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September 3, 2018

Monday Morning Memo: Is it only about fees and expenses in the funds industry?

by Detlef Glow.

Fees and expenses in the mutual funds industry are a hot topic for investors and market observers around the world. In some cases discussions are going so far that one could get the impression that fees and expenses are the only criteria an investor should use when selecting a mutual fund or ETF. These discussions have recently been fueled by media coverage of the launches of some low-cost funds by large asset management groups.

Fees and expenses, especially for actively managed funds, have been under scrutiny for a while, since a large number of actively managed funds have not beaten their benchmarks. The fact that there is no guarantee that even the best fund manager will be able to deliver future outperformance makes the selection of an actively managed fund a bet against the market. In the best case the investor will be rewarded with outperformance. Therefore, it is key for the investor to balance the odds right.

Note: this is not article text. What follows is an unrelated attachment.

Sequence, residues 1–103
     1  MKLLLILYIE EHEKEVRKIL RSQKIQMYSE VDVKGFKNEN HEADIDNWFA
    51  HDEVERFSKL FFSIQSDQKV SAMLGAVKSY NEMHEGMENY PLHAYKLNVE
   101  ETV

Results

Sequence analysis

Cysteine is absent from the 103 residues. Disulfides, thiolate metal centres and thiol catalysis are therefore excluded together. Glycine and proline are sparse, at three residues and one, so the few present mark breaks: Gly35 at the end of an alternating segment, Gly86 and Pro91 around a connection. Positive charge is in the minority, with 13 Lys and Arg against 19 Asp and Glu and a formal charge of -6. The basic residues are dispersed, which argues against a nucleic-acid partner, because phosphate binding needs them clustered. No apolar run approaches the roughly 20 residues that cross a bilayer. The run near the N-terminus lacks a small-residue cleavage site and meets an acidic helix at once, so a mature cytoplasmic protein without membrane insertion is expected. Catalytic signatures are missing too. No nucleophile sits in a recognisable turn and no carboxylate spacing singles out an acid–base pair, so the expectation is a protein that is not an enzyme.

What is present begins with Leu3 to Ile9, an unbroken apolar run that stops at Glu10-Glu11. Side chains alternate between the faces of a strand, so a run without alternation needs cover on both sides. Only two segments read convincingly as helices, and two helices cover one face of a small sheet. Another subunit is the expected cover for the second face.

I have even heard arguments that the unpredictability of the future performance pattern of a fund makes fees and expenses the main criteria for fund selection in a given segment. The investor does know what he will have to pay for the future performance and should therefore select the fund with the lowest total expense ratio (TER).

I partly agree with this thesis, especially pertaining to bond funds. We have witnessed in some cases fee levels that are so high they may lead to underperformance, since the fees and expenses are higher than the average return of the bonds held in the portfolio. That said, even in these cases a fund may be able to deliver an adequate return if the manager adroitly plays the duration and/or credit segments in combination with superb securities selection.

Don’t get me wrong here. I am not saying investors should pay any price for their funds. But they should not use fees and expenses as the primary criteria for selecting a fund. In other words, investors should be cost conscious and aware of the fees and expenses they pay to their fund manager, but fees and expenses should not overrule product quality or advanced performance analysis in a professional fund selection process.

The views expressed are the views of the author, not necessarily those of Refinitiv.

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